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Cash flow is king for CI fund manager

Priest expects U.S. profits to surprise on the upside


This year hasn't been a particularly good one for the U.S. market but fund manager William Priest is hopeful 2006 will be a little better.

Mr. Priest has been managing the CI American Value Fund since July, 2003. The fund, which has assets of $196-million, has gained 2.64 per cent in 2005. The fund had risen 7.73 per cent in the 12 months ended Nov. 30, and 8.57 per cent a year in the three years ending November. The five-year return was a loss of 4.62 per cent annualized.

Mr. Priest expects that U.S. corporate profits will continue to surprise on the upside in 2006 and he considers the price/earnings multiples on the market are "reasonable." Accordingly, "our view would be that you would have another year where the market would be in the area of 6 to 8 per cent positive," said the chief investment officer of New York-based Epoch Investment Partners Inc.

The portfolio is currently modestly overweight energy, but had earlier this year been substantially overweight in that sector. And it carries a significantly lower-than-market weighting in financial issues.

"The complex financial companies . . . we think are unanalyzable," he said. So the fund doesn't own the big banks or mortgage finance giants Freddie Mac and Fannie Mae. "You can own some single-line companies like a reinsurance company but even there, if they have been in business for a long time, their investments are black box; you don't know what you are buying into," he added. In addition, he thinks there are "bad debts buried in a lot of finance companies that haven't surfaced yet."

His three picks for Best Bets are all in different fields but there is a common theme tying them together: free cash flow. "All of our companies generate free cash flow," Mr. Priest said.

He likes Harrah's Entertainment Inc. (HET-NYSE), a Las Vegas-based casino operator. Mr. Priest, whose forecasts have a three-year horizon, is impressed by Harrah's management and notes that it is committed to creating shareholder value through dividend increases and reducing debt. Also, in his view, Harrah's is "the best run by far of any casino operator."

It has the highest customer loyalty and a return on invested capital that is double the industry average, he said. He expects that Harrah's will transform Caesar's Entertainment Inc., which it acquired in June, into a more profitable business and boost its free cash flow substantially. He thinks the shares, which closed yesterday at $67.36 on the New York Stock Exchange, could rise to $90.

Bunge Ltd. (BG-NYSE) of White Plains, N.Y., is the least known of the three integrated global agribusiness giants and is "only starting to be recognized by Wall Street," Mr. Priest said. The other two in the "oligopoly" are Archer Daniels Midland Co. and Cargill Inc. The three are benefiting from the rising demand for higher-value foods such as processed foods from developing countries, including China and India, and so should do well regardless of what the global economies do, he said.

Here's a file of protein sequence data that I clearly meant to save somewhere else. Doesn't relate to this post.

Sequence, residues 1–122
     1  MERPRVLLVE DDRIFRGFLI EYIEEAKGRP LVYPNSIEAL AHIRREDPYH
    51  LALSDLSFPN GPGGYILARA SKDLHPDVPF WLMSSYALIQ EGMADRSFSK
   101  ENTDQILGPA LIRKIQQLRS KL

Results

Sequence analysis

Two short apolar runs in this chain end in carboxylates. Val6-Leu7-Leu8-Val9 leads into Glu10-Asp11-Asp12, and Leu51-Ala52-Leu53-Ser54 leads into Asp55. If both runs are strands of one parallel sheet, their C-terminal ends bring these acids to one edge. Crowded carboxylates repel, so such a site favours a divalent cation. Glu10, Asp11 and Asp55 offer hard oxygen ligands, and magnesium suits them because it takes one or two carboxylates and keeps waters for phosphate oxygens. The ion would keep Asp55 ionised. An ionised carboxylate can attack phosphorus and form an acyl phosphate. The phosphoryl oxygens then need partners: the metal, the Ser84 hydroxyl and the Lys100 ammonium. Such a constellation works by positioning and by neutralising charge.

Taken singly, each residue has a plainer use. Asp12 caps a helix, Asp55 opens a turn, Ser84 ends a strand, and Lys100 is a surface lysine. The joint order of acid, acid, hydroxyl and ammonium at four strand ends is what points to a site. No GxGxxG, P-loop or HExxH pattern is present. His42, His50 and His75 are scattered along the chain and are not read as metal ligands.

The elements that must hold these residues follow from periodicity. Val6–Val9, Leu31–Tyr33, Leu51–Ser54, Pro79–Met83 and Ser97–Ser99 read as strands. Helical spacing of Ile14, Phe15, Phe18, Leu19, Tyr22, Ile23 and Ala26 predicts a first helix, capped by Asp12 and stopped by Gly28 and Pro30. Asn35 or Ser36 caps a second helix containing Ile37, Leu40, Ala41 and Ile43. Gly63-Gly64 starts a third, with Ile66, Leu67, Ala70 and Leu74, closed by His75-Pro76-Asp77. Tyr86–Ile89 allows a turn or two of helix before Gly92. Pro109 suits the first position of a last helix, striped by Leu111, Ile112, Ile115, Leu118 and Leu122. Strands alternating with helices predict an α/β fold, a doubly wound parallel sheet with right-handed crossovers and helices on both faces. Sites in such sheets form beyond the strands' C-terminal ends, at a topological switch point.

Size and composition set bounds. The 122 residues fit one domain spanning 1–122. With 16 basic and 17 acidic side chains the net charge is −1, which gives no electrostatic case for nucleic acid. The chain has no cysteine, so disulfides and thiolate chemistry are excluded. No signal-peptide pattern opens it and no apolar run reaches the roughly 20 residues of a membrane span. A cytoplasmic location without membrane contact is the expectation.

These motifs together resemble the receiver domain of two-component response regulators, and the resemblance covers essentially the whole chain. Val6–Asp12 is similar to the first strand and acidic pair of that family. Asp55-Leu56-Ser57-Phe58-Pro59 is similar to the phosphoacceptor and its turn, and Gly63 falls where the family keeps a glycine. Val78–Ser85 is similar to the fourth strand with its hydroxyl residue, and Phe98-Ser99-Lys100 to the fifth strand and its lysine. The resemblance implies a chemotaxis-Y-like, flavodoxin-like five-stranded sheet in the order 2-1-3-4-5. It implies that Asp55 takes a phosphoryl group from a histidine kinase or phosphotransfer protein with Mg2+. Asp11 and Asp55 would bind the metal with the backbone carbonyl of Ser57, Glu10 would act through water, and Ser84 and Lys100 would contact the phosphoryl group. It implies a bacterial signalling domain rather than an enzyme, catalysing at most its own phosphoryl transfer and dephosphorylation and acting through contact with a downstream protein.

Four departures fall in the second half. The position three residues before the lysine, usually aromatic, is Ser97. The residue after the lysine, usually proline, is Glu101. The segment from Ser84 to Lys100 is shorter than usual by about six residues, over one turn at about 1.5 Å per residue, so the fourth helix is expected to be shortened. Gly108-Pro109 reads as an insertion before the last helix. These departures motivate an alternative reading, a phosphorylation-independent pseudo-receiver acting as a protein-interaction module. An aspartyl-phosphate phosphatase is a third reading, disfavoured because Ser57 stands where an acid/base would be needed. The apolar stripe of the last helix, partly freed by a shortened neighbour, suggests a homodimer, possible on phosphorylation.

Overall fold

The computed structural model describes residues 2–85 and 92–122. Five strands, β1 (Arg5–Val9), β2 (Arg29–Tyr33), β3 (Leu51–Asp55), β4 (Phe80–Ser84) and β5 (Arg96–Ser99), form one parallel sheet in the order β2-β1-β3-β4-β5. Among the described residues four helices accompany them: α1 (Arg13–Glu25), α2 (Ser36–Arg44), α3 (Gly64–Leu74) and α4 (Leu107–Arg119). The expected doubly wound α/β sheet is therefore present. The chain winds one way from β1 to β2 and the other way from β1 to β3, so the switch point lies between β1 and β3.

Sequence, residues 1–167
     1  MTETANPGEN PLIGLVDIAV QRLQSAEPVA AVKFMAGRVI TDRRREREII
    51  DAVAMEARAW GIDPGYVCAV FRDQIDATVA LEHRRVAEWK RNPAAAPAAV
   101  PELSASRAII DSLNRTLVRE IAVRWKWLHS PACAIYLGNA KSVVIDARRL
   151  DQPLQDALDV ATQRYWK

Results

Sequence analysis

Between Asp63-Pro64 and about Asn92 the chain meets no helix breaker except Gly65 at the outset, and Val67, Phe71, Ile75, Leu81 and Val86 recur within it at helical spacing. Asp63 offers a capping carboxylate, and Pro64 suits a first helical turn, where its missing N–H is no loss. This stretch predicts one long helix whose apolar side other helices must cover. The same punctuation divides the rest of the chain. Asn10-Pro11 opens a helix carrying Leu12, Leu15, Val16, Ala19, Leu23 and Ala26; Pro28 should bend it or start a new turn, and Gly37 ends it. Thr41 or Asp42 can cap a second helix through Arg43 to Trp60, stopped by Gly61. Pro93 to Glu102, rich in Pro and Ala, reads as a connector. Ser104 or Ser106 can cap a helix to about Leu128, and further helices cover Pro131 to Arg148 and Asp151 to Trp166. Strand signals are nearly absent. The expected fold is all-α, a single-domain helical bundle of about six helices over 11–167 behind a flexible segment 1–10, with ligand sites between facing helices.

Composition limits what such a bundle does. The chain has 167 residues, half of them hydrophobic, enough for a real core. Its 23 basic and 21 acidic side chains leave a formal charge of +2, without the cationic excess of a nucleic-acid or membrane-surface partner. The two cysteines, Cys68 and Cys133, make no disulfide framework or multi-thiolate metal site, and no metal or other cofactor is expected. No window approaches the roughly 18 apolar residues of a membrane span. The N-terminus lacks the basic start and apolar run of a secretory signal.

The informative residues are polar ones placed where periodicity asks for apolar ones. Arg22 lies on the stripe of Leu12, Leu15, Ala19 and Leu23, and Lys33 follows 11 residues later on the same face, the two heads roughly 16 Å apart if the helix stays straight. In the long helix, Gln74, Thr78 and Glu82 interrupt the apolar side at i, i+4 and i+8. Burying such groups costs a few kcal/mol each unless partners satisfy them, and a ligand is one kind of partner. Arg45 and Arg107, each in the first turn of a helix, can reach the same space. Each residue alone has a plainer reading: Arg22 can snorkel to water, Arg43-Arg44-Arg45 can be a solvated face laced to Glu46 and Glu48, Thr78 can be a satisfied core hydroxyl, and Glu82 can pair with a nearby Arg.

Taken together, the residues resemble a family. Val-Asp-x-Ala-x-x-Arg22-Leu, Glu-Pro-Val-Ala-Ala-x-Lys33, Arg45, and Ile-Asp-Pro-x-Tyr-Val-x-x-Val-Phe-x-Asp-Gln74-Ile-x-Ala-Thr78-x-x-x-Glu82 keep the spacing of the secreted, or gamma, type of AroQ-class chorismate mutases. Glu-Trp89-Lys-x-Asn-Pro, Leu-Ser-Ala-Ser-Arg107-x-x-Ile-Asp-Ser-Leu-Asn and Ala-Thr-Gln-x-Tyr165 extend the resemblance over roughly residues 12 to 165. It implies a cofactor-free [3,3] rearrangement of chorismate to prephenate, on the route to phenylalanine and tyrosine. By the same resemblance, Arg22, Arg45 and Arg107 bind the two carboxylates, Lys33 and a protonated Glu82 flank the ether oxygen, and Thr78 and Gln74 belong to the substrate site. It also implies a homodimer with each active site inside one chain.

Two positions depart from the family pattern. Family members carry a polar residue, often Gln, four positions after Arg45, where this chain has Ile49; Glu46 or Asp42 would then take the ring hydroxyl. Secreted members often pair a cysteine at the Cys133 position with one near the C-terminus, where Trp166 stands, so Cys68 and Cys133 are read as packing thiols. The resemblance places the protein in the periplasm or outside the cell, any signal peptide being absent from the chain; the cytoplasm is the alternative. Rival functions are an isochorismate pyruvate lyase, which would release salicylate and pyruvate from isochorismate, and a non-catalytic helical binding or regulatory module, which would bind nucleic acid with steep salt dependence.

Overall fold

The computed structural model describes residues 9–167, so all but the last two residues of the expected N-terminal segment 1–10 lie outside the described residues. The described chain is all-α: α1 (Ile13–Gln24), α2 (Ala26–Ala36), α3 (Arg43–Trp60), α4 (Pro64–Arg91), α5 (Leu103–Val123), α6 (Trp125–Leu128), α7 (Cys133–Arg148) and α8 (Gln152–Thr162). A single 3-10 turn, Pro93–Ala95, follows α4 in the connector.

Bunge's margins are improving as its product mix shifts from commodities to processed foods, he added. Bunge generates "an enormous amount of free cash flow," he said, adding that free cash flow is expected to almost double between 2005 and 2007. He sees the shares rising to $85, up from yesterday's close of $53.80.

Mr. Priest's third choice was Microsoft Corp. (MSFT-Nasdaq), the software giant. "Microsoft is increasingly focused on profitability," rather than growth, which is leading to increasing free cash flow generation, he said. Now, Microsoft requires that any new projects turn a profit within a specified period.

He expects profit will grow around 10 to 15 per cent in the next fiscal year, which begins in July. And Microsoft has "lots of cash on the balance sheet" which makes him think that it could declare another significant cash dividend or buy back more shares. His price target for Microsoft, which ended yesterday's session at $27.09, is $40.

American Tale

CI American Value Fund manager William Priest expects that U.S. corporate profits will surprise on the upside in 2006. His portfolio is currently overweight in energy but light on financial services stocks.


Asset Class: U.S. Equity

5-star rating: 3

RRSP eligibility: Yes

Min. invest (initial): $500

Subsequent: $30

Fund Type: Open-ended

Total assets: $195.65-million

Sales fee type: optional

Management expense ratio: 2.49%

TOP 10 HOLDINGS, AS OF NOV. 30, 2005

Microsoft: 4.15%

Exxon Mobil: 3.56

Davita: 3.00

Bunge Ltd.: 2.98

Laboratory Corp. of America: 2.81

Endo Pharmaceuticals Holdings: 2.78

Ventas Inc.: 2.74

Wellpoint Inc.: 2.69

Harrah's entertainment: 2.68

Apple Computer: 2.56

RETURNS, AS OF NOV. 30, 2005

1-year: 7.73%

3-year: 8.57

5-year: -4.62

10-year: 5.86

© 2007 The Globe and Mail. All rights reserved.

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